Bursitis 101

What is Bursitis?

A bursa is a sac like structure filled with fluid that is found in several joints in the body. The bursa acts as a cushion between bones, tendons, and muscles within a joint. There are approximately 160 bursae within the human body. Each bursa is lined with synovial cells that produce a lubricant to help reduce friction in the joints, allowing ease of movement. When a bursa becomes inflamed, pain is experienced within a joint.


What causes bursitis?

Bursitis is most often caused by overuse injuries, in which repetitive motions place stress on the joints. Examples of activities that require repetitive motions include: running or walking long distances, shoveling, painting, scrubbing, gardening, golfing, and throwing. In addition, inflammation from conditions including rheumatoid arthritis, gout, or infections can predispose someone to bursitis. Finally, people with poor conditioning that are required to perform activities for long periods of time (such as walking long distances) are more susceptible to developing bursitis.


What joints does bursitis affect?

Bursitis can occur in any joint with a bursa. The elbow, shoulder, hip, and knee are common sites for bursitis.


What are the symptoms of bursitis?

Localized pain of the joint is the most common symptom. Pain may increase over time or may suddenly occur, and will typically increase with movement. Swelling and tenderness may also be present as well as loss of range of motion.


How is bursitis treated?

Often rest, ice, compression, and elevation (RICE principle) can be used to treat bursitis. In my opinion, ice is the single most important thing you can do on your own to reduce the inflammation of the bursa. Ice can be applied for 15 minutes every couple of hours. Ensure that there is a towel between the ice and your skin. I often tell patients to use frozen peas or corn that mold well to the affected area. Letting the joint rest is also very important. Ensure that your pain has decreased prior to returning to an activity that may have contributed to the bursitis. For example, if walking long distances may have contributed to the bursitis then I would suggest waiting until the pain has decreased substantially before attempting to return to your walking program. In addition, starting out slowly and gradually increasing the amount of time spent walking may help to prevent the return of your symptoms. Finally, compressing and elevating the joint may also help to reduce the swelling and inflammation.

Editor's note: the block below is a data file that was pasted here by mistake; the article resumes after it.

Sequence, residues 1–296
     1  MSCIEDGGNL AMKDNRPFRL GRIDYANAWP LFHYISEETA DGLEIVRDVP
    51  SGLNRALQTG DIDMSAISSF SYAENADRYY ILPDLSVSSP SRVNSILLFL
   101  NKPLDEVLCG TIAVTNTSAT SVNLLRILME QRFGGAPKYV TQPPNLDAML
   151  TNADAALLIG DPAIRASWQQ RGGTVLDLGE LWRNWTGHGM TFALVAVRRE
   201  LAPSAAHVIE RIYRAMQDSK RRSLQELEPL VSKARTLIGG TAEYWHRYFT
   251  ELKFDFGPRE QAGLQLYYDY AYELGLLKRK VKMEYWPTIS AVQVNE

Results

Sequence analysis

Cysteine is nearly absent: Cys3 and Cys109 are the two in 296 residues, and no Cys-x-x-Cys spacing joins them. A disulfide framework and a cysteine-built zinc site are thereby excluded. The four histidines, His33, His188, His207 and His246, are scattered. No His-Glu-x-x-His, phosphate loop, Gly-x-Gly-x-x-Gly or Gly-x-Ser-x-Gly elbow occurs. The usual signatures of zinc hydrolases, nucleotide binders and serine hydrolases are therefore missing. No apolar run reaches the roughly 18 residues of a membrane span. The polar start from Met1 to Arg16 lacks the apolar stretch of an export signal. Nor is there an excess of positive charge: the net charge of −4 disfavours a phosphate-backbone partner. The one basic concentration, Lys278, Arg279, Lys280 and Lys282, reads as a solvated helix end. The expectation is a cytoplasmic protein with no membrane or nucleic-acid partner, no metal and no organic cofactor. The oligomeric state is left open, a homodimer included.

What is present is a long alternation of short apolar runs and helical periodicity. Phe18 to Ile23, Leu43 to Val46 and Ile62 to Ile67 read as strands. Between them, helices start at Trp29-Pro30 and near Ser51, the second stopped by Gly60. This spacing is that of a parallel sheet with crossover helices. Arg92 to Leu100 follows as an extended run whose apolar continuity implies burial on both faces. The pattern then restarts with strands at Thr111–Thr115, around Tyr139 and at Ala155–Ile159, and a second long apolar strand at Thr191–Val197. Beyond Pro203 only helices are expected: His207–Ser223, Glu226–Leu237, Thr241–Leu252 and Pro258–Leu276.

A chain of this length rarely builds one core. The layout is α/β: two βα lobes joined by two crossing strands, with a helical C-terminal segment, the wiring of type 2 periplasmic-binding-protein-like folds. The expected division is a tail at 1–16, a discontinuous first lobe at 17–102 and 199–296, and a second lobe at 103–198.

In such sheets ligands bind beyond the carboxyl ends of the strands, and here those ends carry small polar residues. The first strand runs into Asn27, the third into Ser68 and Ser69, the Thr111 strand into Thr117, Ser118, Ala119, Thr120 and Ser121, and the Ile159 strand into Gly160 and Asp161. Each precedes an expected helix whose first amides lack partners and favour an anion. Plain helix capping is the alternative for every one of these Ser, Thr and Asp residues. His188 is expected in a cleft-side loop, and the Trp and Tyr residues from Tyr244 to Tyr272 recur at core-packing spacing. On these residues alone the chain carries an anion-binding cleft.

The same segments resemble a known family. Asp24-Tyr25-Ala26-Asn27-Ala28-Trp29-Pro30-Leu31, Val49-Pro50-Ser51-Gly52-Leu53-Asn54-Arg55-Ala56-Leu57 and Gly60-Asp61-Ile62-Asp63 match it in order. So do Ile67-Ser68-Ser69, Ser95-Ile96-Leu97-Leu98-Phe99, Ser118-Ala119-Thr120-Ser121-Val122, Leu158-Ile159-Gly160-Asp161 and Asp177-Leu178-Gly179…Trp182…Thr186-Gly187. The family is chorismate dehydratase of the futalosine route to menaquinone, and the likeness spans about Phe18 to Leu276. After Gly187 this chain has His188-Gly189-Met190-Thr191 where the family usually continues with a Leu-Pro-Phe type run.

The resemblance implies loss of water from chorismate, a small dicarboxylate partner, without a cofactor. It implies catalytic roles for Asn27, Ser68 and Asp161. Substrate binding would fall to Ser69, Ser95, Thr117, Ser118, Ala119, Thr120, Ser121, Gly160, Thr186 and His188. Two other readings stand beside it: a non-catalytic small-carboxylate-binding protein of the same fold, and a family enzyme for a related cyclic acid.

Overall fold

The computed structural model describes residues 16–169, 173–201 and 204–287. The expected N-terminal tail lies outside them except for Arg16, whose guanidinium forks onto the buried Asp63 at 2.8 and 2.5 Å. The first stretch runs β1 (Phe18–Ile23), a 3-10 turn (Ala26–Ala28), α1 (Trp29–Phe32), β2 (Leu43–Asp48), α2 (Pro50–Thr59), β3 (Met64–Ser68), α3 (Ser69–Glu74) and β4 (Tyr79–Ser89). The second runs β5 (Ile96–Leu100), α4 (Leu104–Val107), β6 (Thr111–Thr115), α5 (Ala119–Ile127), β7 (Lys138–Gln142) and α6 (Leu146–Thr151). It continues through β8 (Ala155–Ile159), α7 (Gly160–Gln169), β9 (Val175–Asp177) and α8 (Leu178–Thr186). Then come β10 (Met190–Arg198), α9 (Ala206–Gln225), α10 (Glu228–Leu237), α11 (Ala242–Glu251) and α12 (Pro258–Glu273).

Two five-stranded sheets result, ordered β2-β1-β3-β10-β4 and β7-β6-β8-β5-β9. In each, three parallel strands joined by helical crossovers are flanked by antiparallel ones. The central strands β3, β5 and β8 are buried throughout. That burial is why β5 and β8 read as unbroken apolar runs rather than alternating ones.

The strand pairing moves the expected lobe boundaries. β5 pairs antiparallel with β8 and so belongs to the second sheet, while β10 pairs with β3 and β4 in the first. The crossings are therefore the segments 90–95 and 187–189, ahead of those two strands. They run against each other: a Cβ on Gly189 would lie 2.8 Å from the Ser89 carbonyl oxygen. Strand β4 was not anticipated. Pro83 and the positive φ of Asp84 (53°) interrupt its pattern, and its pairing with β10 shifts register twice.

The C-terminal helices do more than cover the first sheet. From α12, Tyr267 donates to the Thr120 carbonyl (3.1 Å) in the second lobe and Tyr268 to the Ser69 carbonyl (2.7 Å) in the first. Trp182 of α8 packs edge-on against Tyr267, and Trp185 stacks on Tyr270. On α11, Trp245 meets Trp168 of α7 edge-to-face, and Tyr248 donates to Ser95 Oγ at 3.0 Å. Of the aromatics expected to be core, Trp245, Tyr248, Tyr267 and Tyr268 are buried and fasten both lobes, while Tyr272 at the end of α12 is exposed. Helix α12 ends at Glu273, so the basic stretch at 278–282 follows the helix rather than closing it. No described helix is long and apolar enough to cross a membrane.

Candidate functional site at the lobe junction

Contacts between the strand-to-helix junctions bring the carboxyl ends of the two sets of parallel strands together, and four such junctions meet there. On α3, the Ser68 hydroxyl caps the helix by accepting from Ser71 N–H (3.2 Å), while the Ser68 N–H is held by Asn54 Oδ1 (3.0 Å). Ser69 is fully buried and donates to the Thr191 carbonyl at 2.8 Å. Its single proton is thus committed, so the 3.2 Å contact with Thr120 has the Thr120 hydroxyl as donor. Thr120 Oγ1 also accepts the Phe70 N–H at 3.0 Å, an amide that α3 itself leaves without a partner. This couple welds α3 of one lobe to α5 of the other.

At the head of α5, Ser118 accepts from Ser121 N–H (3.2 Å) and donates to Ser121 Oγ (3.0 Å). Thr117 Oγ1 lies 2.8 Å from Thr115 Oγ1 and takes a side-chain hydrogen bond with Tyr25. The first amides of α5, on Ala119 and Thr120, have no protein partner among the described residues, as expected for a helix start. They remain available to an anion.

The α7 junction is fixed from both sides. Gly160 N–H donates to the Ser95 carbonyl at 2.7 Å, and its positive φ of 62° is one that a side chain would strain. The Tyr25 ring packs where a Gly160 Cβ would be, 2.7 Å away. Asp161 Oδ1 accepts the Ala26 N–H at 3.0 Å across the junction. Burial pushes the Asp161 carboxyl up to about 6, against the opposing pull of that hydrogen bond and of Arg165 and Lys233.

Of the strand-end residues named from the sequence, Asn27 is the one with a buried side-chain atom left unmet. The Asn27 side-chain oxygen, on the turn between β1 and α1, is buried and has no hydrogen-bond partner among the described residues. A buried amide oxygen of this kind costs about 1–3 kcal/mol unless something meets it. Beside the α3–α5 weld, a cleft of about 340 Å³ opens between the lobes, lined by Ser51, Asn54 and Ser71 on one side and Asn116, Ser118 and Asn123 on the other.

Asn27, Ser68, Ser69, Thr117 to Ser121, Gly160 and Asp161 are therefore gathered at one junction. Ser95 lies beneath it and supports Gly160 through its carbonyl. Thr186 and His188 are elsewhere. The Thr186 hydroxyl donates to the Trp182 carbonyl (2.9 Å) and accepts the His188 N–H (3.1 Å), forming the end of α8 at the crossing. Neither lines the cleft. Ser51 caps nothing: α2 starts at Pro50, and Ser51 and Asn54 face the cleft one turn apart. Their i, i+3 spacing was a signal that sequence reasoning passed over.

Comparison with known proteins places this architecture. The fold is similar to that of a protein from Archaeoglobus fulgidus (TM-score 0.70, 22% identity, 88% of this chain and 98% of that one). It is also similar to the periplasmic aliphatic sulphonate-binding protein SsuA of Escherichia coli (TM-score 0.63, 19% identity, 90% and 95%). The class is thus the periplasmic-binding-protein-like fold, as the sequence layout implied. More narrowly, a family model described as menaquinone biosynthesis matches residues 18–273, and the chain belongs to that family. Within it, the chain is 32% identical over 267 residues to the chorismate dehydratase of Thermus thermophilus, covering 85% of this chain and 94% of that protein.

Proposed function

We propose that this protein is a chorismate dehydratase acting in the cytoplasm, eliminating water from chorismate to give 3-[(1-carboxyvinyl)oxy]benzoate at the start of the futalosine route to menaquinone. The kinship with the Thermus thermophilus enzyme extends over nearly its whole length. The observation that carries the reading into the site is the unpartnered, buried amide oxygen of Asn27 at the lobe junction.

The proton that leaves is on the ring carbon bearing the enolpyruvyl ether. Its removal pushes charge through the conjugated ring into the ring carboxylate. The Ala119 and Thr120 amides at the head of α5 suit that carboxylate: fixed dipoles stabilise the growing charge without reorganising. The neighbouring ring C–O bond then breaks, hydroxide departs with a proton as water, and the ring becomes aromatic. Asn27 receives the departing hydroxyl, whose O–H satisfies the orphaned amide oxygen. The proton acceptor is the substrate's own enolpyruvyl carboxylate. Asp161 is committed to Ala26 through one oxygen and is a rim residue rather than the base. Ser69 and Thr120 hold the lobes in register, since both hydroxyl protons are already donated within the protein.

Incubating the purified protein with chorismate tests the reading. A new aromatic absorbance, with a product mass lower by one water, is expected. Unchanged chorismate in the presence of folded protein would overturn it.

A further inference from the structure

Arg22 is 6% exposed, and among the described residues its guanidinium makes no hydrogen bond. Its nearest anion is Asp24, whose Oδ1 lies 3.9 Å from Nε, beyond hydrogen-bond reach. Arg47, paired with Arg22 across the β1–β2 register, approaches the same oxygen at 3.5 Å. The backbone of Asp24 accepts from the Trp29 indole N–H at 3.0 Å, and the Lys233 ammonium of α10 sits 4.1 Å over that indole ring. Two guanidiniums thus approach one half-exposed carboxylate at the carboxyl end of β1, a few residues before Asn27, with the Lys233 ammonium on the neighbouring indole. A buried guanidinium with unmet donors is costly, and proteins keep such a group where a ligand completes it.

Physiotherapy modalities, such as pulsed ultrasound, can also help to decrease inflammation within the joint. Your doctor may also prescribe specific medications such as an anti-inflammatory to help reduce the swelling. Please consult with your health care provider to determine an appropriate treatment plan for your bursitis.

This article is written by or on behalf of an outsourced columnist and does not necessarily reflect the views of Castanet.

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About the Author

Kristi Scott, B.Sc., M.Sc.P.T., CAFCI

Kristi is a Registered Physiotherapist. She joined her mother, Shirley Andrusiak, at Guisachan Physiotherapy after graduating from the Masters of Science in Physical Therapy Program at the University of Alberta in 2010. She also holds an Undergraduate Bachelor of Science Degree from the University of Victoria. Since graduating Kristi has completed numerous continuing education courses including manual therapy, vertigo, sport first responder, and golf related rehabilitation.  She has also completed her training with the Acupuncture Foundation of Canada Institute, and is certified to perform acupuncture, holding a designation of CAFCI.

Kristi brings an energetic, exercise based approach to her practice. She focuses on client centered care, education, exercise prescription, and manual therapy techniques. 

You can contact Kristi by email at [email protected]




The views expressed are strictly those of the author and not necessarily those of Castanet. Castanet does not warrant the contents.

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